The penalties for shipping hazardous materials or waste (“hazmat”) improperly are severe. For example, the Federal Aviation Administration (FAA) collected over $3.7 million in civil penalties for hazardous materials regulation (HMR) violations in 2004 and likely attempted to assess over $6 million in civil penalties. Unfortunately, many companies do not fully understand the HMRs or realize that the companies are subject to the FAA’s jurisdiction. To make matters worse, many companies do not have in place proper hazmat shipping procedures or employee hazmat training to prevent HMR violations.

The fi rst step in the enforcement process is typically a telephone call from the shipper or the FAA seeking information about a particular shipment. The next step is usually a Letter of Investigation (LOI) from the FAA, requesting an explanation of the facts and circumstances, which must be provided within 10 to 15 days. Depending on the relevant facts and the company’s response to the LOI, the FAA may (1) dismiss the matter, (2) issue a Notice of Proposed Civil Penalty (NPCP) seeking a substantial civil penalty or (3) in the worstcase scenario, refer the matter to the U.S. Department of Transportation Offi ce of Inspector General (OIG) for criminal prosecution. Without question, the HMR enforcement process is complex and often frustrating and, as a result, many companies fail to maximize their bargaining position during initial communications with the FAA. This article provides an overview of the HMR enforcement process and discusses some of the ways in which companies may maintain a favorable negotiating position during the HMR civil enforcement process.

A number of governmental entities are involved in the regulation of hazardous materials transportation. The federal hazardous materials laws authorize the Secretary of the U.S. Department of Transportation (DOT) to regulate the transportation of hazardous materials. The Pipeline and Hazardous Materials Safety Administration (PHMSA) writes the HMRs implementing the requirements of the federal law. The FAA has sweeping jurisdiction regarding HMR enforcement.

The FAA may enter upon, inspect and examine, at reasonable times and in a reasonable manner, the records and properties of persons to the extent such records and properties relate to: (1) the manufacture, fabrication, marking, maintenance, reconditioning, repair, testing, or distribution of packages or containers for use by any person in the transportation of hazardous materials in commerce; or (2) the transportation or shipment by any person of hazardous materials in commerce. See, 49 U.S.C. § 5121(c)(1). In short, FAA special agents have a signifi cant amount of authority to investigate alleged HMR violations.

Penalties and Negative Publicity

Since the 1996 ValuJet accident and the September 11, 2001 terrorist attacks, the FAA and the Transportation Security Administration (TSA) have increased their surveillance of cargo shipments and hazmat. Specifi cally, the FAA has hired an army of special agents and attorneys to investigate and enforce the HMRs. Similarly, the TSA has hired hundreds of special agents to search for undeclared hazmat hidden in cargo shipments that could pose a signifi cant security threat. As is often the case, if the TSA fi nds an undeclared hazmat shipment that does not fall within its security enforcement mandate, the TSA will refer the matter to the FAA for enforcement. The FAA’s primary method of enforcing the HMRs is through the issuance of civil penalties, which often can lead to negative publicity for target companies. As noted above, although the FAA collected over $3.7 million in civil penalties in 2004, the total proposed civil penalty amount was likely in excess of $6 million. HMR civil penalties range from $250 to $100,000 per violation, while criminal penalties range from $250,000 to $500,000. Criminal penalties also can involve imprisonment for not more than ten years per violation. As a general matter, hazardous materials civil penalties are usually higher than other Federal Aviation Regulation violations because a typical undeclared hazardous material shipment can involve at least eight separate regulatory violations, resulting in a maximum civil penalty in excess of $250,000. Companies are often justifi ably shocked by the size of the civil penalty for shipping, for example, a single can of spray paint or a pint of adhesive.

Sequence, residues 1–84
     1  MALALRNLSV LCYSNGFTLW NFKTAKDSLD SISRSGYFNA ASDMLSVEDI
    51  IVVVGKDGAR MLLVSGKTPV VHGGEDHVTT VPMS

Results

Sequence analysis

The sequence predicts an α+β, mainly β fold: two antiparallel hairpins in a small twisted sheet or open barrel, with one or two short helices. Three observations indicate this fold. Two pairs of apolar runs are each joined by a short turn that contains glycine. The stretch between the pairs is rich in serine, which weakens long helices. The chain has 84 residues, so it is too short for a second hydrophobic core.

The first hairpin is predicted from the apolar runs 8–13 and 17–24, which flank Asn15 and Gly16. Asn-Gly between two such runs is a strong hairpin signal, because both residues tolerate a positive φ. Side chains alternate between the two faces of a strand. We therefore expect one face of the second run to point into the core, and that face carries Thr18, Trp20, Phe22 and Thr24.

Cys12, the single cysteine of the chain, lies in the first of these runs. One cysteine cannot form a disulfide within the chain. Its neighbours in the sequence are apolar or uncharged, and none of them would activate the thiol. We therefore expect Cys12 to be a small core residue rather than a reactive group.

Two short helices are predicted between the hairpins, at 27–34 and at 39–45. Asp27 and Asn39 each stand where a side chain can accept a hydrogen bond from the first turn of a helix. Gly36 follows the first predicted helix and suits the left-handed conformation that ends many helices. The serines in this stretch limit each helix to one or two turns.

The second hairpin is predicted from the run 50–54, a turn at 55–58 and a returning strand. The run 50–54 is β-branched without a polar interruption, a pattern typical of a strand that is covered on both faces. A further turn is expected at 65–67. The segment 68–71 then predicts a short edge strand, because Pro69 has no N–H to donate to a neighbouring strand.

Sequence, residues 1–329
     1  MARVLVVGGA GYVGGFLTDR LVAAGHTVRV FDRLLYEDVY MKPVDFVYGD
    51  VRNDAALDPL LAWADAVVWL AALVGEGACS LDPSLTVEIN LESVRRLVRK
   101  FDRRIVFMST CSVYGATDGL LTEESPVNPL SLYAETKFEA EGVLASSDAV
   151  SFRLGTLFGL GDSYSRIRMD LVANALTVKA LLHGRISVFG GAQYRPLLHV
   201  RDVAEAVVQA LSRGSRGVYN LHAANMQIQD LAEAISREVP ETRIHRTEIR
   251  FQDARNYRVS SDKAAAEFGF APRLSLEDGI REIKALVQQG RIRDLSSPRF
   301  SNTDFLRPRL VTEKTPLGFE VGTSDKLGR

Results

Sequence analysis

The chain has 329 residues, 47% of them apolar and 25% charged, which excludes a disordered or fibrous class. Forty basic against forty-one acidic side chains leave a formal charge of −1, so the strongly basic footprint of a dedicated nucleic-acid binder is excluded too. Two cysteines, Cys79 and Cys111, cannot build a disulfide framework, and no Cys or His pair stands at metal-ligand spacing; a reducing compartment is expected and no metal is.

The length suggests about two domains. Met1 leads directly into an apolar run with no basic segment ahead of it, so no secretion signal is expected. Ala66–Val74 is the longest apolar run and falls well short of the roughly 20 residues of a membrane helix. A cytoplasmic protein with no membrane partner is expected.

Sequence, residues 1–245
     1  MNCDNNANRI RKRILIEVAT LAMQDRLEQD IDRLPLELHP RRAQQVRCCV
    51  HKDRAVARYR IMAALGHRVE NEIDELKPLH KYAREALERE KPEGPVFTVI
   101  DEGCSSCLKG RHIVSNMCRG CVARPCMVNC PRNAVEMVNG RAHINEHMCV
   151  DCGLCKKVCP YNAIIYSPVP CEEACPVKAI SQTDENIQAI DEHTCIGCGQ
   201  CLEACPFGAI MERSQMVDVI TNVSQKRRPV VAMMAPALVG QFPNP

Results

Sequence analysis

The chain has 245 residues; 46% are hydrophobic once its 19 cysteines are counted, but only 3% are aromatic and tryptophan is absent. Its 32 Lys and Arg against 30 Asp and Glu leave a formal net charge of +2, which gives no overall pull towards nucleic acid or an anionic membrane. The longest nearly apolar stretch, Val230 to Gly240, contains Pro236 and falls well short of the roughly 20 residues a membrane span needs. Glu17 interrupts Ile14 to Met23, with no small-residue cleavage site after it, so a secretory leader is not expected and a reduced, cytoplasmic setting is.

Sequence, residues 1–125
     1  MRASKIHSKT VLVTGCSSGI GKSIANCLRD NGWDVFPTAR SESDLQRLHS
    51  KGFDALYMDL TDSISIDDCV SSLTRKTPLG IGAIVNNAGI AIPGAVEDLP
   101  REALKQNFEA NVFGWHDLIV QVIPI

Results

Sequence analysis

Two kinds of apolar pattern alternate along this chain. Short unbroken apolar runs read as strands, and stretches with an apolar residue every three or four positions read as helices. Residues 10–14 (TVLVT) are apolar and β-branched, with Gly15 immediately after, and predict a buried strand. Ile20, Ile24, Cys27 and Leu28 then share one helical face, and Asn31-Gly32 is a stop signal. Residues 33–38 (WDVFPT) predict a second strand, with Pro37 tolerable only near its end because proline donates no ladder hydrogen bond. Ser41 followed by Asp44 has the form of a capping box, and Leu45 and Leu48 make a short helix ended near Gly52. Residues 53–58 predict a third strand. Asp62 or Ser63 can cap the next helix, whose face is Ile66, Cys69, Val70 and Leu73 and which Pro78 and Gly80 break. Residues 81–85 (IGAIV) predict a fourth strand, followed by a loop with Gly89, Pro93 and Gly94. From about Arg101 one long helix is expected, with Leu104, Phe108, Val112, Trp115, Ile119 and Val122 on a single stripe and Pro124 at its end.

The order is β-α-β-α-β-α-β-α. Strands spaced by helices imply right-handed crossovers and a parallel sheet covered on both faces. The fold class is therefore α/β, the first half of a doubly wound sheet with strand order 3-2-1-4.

Companies also can be surprised when the FAA issues a press release, usually entitled “Civil Penalty Proposed Against Company X for Alleged Hazardous Materials Violations.” The FAA usually issues press releases for enforcement actions involving proposed penalties of $50,000 or more and may issue its press release before companies have the opportunity to respond to the allegations, which may be without merit. While the public has a right to know about the FAA’s activities, such right should be balanced with the rights of companies. The mere allegation of hazmat violations places companies in a negative light among their industry peers and often leads to unwarranted negative consequences. Also, if the allegations are later deemed unfounded during settlement discussions or at a hearing, the FAA is unlikely to issue a retraction.

Letter of Investigation Response

At the start of its investigation, the FAA will send a company an LOI, informing the company of the allegations and seeking an explanation. This is a critical juncture in the enforcement process because it is the fi rst opportunity to respond to the allegations. The FAA hopes that the company will admit to everything—which frequently happens—and the special agent will then send the case to the FAA attorney to issue the NPCP. Rarely, if ever, do companies benefi t from admitting to the violations. Instead, it is best to discuss the case with an experienced enforcement attorney to assess the merits of the FAA’s case before submitting a response. It is important to note that the enforcement process is an adversarial process and companies frequently have the mistaken perception that the FAA special agent is a friend only seeking some information to “clear up this misunderstanding” and that the case will simply be closed with a slap on the wrist. The FAA seldom closes hazmat cases with a slap on the wrist.